If your SKU architecture can easily communicate the attributes of a product that customers want to know, you can create more accurate forecasts and meet consumer needs better.

Amplifies profit generators

Your SKU architecture showcases both your most and least popular products.

With this information, SKUs can help you be more creative with marketing. If you have data-backed information about how well a certain product is performing, it’s much easier to become creative with how you will market that product.

With SKU data, you know what kind of products to stop ordering and what kind of products you should focus more on.

Data about your top revenue-generating products can inform decisions about in-store product displays and visual merchandising, plus strategic marketing initiatives that speed up the turnover of that popular item.

Enhances customer satisfaction

If you know your SKU data, you’ll be able to easily find what customers are looking for and answer their inquiries quickly.

For example, when a customer calls in asking if you have a certain product in stock, you can use the SKU data to quickly look up where it is located and how many of them there are.

Furthermore, if you know which products to reorder and when, your customers will never need to wait to get their hands on what they’re looking for. This ensures a better customer experience overall, which improves your brand image.

When customers always find what they need in your shop, they’re more likely to patronize you over other competitors that frequently have sold-out items because they didn’t know where their reorder points were.

And when your customers keep on coming back to you, you develop brand loyalty.

That way, when the item does go out of stock (hopefully through no fault of your own), your customers will be willing to be more patient while you address the issue.

Personalizes customer experience

SKU product data is useful for more than just tracking sales and managing inventories – it can also be used on the sales floor.

If a product is out of stock, your retail staff may utilize their understanding of SKUs to point clients toward alternatives. Plus, even if a customer's desired item is in stock, your employees can still use SKU knowledge to recommend complementary items or upsell.

You can also apply it to e-commerce websites as well.

When you browse things online, merchants frequently present similar products that you might enjoy. This can be accomplished through a retailer's SKU architecture, where an algorithm has been used to generate suggestions for products with comparable qualities or features.

Creating SKU Numbers for Your Business

There are multiple ways that you can create SKU numbers to help you organize your inventory and recognize product movement.

The easiest way to make SKU numbers are through automated software.

Most POS and inventory management systems simplify the SKU creation – all you need to do is your regular inventory-taking, and the software will create a tagging system automatically.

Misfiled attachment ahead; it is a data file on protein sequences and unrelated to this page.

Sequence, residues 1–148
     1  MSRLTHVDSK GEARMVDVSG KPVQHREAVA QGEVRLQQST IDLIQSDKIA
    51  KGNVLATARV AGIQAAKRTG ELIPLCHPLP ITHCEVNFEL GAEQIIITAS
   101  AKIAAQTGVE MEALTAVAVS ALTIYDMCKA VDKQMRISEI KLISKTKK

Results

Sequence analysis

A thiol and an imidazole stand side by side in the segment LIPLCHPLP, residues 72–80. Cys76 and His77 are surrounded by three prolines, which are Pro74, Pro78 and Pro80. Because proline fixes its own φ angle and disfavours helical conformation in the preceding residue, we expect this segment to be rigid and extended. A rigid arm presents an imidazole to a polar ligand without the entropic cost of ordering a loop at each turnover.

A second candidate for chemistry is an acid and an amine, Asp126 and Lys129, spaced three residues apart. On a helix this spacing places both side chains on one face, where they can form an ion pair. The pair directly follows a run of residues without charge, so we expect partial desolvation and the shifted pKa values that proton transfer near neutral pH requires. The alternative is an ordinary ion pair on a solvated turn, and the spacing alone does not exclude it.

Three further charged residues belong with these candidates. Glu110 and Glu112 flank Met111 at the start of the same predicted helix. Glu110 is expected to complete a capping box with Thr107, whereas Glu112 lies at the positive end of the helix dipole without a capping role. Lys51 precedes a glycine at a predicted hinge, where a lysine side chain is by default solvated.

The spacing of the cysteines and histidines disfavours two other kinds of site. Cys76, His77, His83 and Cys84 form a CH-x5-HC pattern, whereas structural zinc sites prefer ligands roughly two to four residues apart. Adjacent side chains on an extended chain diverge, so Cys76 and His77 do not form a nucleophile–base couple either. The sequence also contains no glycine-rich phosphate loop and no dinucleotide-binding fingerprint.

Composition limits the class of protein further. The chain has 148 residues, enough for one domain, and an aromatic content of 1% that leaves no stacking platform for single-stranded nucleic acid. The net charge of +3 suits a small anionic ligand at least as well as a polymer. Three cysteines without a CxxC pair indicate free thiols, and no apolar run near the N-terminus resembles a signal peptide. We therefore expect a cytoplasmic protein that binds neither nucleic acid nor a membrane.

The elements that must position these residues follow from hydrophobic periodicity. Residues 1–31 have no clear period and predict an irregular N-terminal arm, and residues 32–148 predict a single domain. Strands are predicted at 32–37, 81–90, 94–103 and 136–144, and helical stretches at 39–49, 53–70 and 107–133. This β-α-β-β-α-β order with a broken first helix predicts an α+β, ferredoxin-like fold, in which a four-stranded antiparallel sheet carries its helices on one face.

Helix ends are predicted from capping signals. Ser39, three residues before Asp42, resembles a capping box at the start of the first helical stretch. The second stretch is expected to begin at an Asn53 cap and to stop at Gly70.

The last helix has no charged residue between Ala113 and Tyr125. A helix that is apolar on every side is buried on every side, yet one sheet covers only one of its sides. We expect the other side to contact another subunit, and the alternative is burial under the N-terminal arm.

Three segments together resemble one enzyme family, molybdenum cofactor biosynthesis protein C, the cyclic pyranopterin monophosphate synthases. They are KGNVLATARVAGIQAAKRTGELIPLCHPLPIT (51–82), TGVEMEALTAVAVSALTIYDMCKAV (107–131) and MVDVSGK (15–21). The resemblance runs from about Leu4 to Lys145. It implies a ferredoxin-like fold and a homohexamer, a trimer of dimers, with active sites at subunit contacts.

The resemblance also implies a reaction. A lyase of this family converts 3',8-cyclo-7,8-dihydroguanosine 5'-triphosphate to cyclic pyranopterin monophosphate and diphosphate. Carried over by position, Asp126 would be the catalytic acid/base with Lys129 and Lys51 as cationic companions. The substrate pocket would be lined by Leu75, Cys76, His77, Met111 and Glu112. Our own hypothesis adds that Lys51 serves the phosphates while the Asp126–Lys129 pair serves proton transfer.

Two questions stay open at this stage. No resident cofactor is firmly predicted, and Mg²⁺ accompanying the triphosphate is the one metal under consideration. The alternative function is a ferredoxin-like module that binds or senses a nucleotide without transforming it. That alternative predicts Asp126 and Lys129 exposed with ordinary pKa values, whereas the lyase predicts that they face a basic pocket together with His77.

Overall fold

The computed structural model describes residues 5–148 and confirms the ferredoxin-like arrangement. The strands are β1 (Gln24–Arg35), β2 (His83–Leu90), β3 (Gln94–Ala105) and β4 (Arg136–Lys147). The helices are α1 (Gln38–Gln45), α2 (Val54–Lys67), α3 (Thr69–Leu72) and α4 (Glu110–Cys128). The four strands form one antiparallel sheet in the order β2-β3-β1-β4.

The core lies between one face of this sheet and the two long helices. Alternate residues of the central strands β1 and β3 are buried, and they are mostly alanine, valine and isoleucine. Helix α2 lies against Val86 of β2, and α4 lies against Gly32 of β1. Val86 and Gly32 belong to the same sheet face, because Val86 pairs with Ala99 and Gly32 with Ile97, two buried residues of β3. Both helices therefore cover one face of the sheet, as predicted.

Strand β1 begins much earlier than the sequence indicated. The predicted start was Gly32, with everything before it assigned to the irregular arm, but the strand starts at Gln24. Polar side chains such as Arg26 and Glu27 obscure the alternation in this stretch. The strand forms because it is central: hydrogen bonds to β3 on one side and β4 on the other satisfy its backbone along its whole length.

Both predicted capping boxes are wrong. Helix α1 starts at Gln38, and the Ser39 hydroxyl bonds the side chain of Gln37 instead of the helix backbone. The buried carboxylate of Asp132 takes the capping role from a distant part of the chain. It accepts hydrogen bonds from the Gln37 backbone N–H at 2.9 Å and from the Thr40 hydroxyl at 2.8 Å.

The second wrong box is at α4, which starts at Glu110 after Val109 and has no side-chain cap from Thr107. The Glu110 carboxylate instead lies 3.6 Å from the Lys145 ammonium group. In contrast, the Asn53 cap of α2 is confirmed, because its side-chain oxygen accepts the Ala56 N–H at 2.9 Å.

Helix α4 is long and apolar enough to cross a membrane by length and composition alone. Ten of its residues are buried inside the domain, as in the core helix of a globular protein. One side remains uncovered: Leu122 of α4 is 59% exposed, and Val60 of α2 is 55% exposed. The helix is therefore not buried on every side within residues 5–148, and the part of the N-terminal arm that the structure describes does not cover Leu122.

There are also online SKU generators that you can use, further making SKU creation much easier. Platforms like TradeGecko and Primaseller can help you make SKUs easily.

Keep in mind that creating SKU numbers manually is not recommended. Not only is it tedious, but it's also prone to human error. It's simply much more efficient to use automated software or an online SKU generator.

Parts of an SKU number

Although we don't recommend creating your own SKU numbers, it's still important to know their basic components.

Even if you’re using automated features, knowing how an SKU number is made not only helps you understand them better, but also check for potential errors.

The first portion of an SKU number is usually the merchant's or manufacturer's identification number.

The next section is a combination of letters and/or numbers that represent characteristics of the product, such as its size, color, material, and more.

Finally, you have your unique identifier – a set of several digits at the end of an SKU to make sure it's specific to your business. These numbers can represent anything you want, so utilize them properly.

Here’s an example.





Sequence Identifier


Central Cottons






Featherlite Inc.






Best Practices for SKU Naming System

Now that you know how you can make your very own SKU system, you’ll want to know about the best ways that you can go about designing a naming convention for this system.

      Number of characters. Stay within the 8 and 12-character count for your naming convention. That way, you won't have too much trouble when it comes to manually entering SKU numbers.

      Begin with a letter. Letters are easier to distinguish and read than numbers, so always begin your SKUs with a letter whenever possible. Avoid spaces or special characters.

      Avoid special characters. Special characters such as &, @, or $ might confuse computers and might be read differently by different systems. Similarly, it's best to avoid the number 0 if possible, as it can easily look like the letter O at a glance.

      Make it easy to read. Your naming system should result in easy-to-understand SKUs with a comprehensible format.

      Identify the primary characteristic. Always begin the SKU with the most in-demand aspect of the product. For example, if the most shopped-for aspect of a product is its size, begin the SKU with the identifier LA, which means Large.

Everything You Need to Know About SKUs

SKU numbers can be a valuable tool for managing your business’ inventory.

Having this systematized alphanumeric code makes inventory management and sales monitoring easier. It also allows employees to know information that can help them improve sales performance.

Aside from that, SKU numbers can help forecast demand, enhance customer satisfaction, and create a personalized customer experience.

Now you know what SKU numbers are and how to use them! Hopefully, you can now implement your own system.